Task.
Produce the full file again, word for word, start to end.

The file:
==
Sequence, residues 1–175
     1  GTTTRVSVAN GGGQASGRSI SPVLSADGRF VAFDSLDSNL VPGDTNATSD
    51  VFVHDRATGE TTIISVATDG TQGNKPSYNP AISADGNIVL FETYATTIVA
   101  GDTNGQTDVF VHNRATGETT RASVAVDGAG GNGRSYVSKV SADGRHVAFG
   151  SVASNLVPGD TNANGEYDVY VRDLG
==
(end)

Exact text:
Sequence, residues 1–175
     1  GTTTRVSVAN GGGQASGRSI SPVLSADGRF VAFDSLDSNL VPGDTNATSD
    51  VFVHDRATGE TTIISVATDG TQGNKPSYNP AISADGNIVL FETYATTIVA
   101  GDTNGQTDVF VHNRATGETT RASVAVDGAG GNGRSYVSKV SADGRHVAFG
   151  SVASNLVPGD TNANGEYDVY VRDLG